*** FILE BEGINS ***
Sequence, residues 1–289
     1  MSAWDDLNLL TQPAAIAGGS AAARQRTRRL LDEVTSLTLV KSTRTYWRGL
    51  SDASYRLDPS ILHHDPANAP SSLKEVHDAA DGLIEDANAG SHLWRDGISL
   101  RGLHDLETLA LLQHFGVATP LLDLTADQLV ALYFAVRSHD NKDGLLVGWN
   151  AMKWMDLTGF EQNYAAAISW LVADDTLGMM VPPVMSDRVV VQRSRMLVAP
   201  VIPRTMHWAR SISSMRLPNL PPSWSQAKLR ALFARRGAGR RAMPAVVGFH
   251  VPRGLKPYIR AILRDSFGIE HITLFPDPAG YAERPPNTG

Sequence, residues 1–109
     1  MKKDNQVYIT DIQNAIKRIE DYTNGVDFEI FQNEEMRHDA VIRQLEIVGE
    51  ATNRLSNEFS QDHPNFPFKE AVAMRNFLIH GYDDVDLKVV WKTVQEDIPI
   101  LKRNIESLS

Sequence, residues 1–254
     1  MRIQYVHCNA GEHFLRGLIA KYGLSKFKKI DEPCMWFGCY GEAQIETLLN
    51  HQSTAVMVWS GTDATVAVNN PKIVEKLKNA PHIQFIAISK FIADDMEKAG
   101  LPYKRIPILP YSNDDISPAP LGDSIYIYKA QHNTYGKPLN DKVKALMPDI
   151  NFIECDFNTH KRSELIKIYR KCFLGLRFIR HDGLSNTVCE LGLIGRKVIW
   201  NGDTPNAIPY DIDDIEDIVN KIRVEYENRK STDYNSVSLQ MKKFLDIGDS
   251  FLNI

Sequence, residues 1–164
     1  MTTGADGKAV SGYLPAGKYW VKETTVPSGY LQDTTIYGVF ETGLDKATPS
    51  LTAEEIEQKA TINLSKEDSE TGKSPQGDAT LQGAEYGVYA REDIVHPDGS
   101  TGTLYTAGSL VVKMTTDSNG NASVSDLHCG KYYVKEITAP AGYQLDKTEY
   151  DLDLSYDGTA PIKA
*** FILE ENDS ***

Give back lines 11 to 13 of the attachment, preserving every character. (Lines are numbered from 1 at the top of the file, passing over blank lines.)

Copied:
   101  LKRNIESLS

Sequence, residues 1–254
     1  MRIQYVHCNA GEHFLRGLIA KYGLSKFKKI DEPCMWFGCY GEAQIETLLN